The 2River View 25.3 (Spring 2021)

Rebekah Remington


Deep inside the vine-choked rhododendron
            a robust nest
                        occupied by a dark bird.

Every day for a week, semi-hidden, the bird brooded.
                        Then gone, gone
                                    without a fledgling.

When I leave the yard I don’t wander far.
I wear a mask.
I am living inside a plague.

It’s hard to say what it is like.
            Fat magnolias are in bloom.
First, on tv I watched a hospital in a distant country

going up at lightning speed.
            All across the world ships, unpermitted
                        to dock, languished in harbors.

Passengers, bored and afraid, sent photos of themselves.
            Then schools closed, the cafes closed, the theaters.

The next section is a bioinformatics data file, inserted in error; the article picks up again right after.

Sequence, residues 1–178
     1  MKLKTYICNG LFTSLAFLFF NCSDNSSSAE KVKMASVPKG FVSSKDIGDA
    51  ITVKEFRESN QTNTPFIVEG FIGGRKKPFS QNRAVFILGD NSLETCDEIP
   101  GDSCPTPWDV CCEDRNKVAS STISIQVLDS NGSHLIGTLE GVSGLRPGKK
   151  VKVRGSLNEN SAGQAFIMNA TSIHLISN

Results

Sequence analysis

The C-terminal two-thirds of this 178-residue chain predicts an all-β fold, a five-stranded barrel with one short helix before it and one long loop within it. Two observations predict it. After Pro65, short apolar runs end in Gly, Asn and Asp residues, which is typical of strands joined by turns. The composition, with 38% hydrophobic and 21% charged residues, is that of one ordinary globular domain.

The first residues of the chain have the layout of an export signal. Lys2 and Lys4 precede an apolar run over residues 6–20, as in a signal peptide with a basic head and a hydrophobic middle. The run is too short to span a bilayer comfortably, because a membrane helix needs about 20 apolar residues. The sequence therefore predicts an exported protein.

Each time I arrive home

I check for the bird
            knowing it’s gone.
Most of my dreams involve grocery stores.

Delivery from H

After Michael Palmer

Certain truths weigh more than others
If she drank a glass of vodka for instance
The leaden sky opened itself to strangers
The field today yes and no

Nothing but bills and catalogs beside the window
He roams with hands open to trap the sun
She paints an abandoned moon bounce in a gray yard
Nothing has happened since October but a barely visible web

In the basement he dreamt he saw four crows lost in the atrium
Is that flood a metaphor
Yachts on the surface signifying an Old World vagary
Looking for love between the flotsam and jellyfish

Lit by lucerne lamps
(Wind tearing westward)
For a long time nothing arrived
Then a scrimshaw box containing nothing

Rebekah Remington has appeared in AGNI online, Blackbird, Gargoyle, Hayden’s Ferry Review, Linebreak, Ninth Letter, Smartish Pace and elsewhere. Her chapbook Asphalt (CityLit 2013) was selected by Marie Howe for the Clarinda Harris Poetry Award.

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